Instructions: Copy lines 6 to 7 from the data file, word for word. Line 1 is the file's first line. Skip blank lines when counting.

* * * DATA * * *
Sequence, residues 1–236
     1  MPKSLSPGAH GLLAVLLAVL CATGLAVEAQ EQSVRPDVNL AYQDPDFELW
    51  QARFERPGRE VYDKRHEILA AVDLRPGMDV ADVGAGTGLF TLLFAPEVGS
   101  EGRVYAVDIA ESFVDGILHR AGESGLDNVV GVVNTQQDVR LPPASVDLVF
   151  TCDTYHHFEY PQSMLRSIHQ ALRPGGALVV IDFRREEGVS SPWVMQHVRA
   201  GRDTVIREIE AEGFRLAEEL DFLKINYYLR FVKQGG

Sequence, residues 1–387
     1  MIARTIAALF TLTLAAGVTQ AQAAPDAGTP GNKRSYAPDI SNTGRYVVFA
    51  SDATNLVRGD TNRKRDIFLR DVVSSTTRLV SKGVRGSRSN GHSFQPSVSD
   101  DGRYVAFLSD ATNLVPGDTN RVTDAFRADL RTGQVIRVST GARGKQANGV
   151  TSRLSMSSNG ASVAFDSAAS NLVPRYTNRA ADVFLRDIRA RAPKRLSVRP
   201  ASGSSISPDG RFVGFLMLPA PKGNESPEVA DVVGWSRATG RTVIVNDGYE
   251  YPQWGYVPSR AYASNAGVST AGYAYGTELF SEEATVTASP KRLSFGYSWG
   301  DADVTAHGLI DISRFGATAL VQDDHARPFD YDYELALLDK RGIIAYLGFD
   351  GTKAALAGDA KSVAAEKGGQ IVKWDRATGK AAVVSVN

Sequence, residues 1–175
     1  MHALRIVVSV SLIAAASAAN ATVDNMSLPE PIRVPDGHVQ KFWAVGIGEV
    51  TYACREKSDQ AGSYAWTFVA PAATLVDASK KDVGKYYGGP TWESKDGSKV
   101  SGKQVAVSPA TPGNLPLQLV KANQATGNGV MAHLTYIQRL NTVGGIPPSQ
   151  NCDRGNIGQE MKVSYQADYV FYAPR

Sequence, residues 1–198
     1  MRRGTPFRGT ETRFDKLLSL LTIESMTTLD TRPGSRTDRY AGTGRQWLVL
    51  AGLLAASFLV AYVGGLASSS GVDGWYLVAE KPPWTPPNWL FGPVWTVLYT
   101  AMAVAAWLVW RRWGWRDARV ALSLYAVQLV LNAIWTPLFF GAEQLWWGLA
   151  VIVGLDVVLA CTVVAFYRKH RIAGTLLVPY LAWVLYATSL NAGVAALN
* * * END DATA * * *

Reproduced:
   201  GRDTVIREIE AEGFRLAEEL DFLKINYYLR FVKQGG

Sequence, residues 1–387